The Turning, adapted from Tim Winton’s best selling book, is a unique piece of cinema. The film is made up of 18 self-contained stories of Australian life, lovingly crafted by 18 different directors. Each director brings something distinctive to the mix, ensuring no two chapters are alike. Reoccurring characters and beautiful Australian scenery tie all the pieces together into an interwoven whole that is satisfyingly complex. These connections are often so subtle that it is easy to miss them, but are heartbreaking when they are revealed.
Featuring stars such as Hugo Weaving, Cate Blanchett and directed by emerging and established Australian artists such as Stephen Page, Anthony Lucas and Marieka Walsh, The Turning is a truly Australian endeavour. The directors obviously understand the country very well and capture the essence of both rural and urban settings perfectly. The casting, for the most part, was also pretty spot-on. Matt Nable’s portrayal of the working class alcoholic Max, for instance, was perfect. The actors played their parts wonderfully, making each character realer than real. The ‘Reunion’ section, however, was not so great. The acting in this scene fell flat, and felt far too scripted compared to the rest of the film.
Almost every director focused on the duality of the Australian setting. On one hand we are presented with vast, stunning wildernesses, and on the other we have lower class homes sitting beside dirty rivers. This contrast is really interesting and made for some absolutely magnificent scenes. ‘Cockleshell’ was perhaps my favourite chapter simply because of its setting, a mix of scenic and industrial that sums up humanity’s relationship to nature and reminds us of the variety of lifestyles existing in this diverse country.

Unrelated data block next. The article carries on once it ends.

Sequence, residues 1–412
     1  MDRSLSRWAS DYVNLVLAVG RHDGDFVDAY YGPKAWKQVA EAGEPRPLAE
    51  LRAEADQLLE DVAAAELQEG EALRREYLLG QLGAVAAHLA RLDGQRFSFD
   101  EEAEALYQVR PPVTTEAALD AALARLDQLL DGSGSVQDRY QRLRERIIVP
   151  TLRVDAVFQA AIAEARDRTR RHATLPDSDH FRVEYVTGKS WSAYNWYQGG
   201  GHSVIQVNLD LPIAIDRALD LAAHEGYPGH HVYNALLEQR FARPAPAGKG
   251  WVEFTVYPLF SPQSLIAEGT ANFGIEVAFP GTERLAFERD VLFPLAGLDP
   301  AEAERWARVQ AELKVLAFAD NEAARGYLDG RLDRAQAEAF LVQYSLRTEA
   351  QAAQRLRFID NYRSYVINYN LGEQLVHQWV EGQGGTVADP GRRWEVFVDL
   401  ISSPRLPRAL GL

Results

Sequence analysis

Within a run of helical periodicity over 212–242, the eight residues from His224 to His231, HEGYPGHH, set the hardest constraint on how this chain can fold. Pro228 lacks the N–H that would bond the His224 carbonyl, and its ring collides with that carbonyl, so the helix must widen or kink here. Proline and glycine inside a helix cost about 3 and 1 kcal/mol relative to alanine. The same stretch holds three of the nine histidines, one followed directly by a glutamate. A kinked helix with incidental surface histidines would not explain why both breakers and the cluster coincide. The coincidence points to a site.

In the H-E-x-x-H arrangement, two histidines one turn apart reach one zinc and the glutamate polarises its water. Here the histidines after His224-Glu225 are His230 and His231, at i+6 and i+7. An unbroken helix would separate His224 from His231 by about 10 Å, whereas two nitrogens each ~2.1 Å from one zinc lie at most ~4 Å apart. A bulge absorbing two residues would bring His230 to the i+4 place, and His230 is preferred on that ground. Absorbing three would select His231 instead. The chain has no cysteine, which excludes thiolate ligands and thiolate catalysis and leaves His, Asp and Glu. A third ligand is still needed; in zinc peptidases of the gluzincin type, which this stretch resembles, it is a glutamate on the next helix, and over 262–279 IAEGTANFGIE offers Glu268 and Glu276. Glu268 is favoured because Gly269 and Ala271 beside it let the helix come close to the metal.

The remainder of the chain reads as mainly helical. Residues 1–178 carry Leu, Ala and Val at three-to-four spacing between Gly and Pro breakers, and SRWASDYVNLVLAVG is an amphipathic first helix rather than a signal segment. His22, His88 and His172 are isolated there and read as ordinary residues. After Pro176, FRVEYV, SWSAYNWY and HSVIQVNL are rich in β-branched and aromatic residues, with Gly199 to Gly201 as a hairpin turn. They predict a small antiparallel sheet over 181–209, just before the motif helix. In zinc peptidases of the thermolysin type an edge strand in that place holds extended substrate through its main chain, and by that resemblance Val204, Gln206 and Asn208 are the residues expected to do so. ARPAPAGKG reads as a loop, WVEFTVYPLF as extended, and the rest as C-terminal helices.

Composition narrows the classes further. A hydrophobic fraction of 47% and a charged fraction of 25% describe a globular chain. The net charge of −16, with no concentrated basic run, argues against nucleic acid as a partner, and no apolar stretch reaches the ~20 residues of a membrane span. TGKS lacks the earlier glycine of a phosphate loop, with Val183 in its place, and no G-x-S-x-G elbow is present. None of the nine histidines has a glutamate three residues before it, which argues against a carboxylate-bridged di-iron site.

While The Turning is big, it is also quiet. The rarity of dialogue or any sounds whatsoever makes the vastness seem all the more vast and the subtle expressions of the actors more significant. The Turning evokes more emotions with a single shot than many films do with entire speeches. The film’s minimalism draws us into a hypnotic trance and magnifies the simplest actions until they become almost horrifying. The film can go from charming to disturbing with ease, which I believe is a testament to both Winton and the directors.
The Turning’s 3-hour runtime and experimental techniques may be off-putting to many. The creators seemed to be obsessed with some quite artsy shots and copious amounts of slow motion. While a great many of these scenes were absolutely gorgeous and aided in creating the feeling of emptiness and tranquillity that so pervades the film, I can’t help but feeling that cutting back on the slow-mo would reduce the hefty runtime quite a bit.
The Turning is a beautifully crafted, unique film that highlights some of the best talent the country has to offer.
Reviewed by James Rudd
Rating out of 10: 7.5
Tim Winton’s The Turning opens 26 September 2013
To celebrate the release of Tim Winton’s The Turning we have a DVD pack to give away showcasing the work of artists contributing to the film. The pack includes: Home Song Stories (Tony Ayres), Balibo (Robert Connolly), Van Diemen’s Land (Joanthan Auf Der Heide, Maggie Miles) and Samson & Delilah (Warwick Thornton, Kath Shelper).
The competition closes 16 September 2013. Enter here!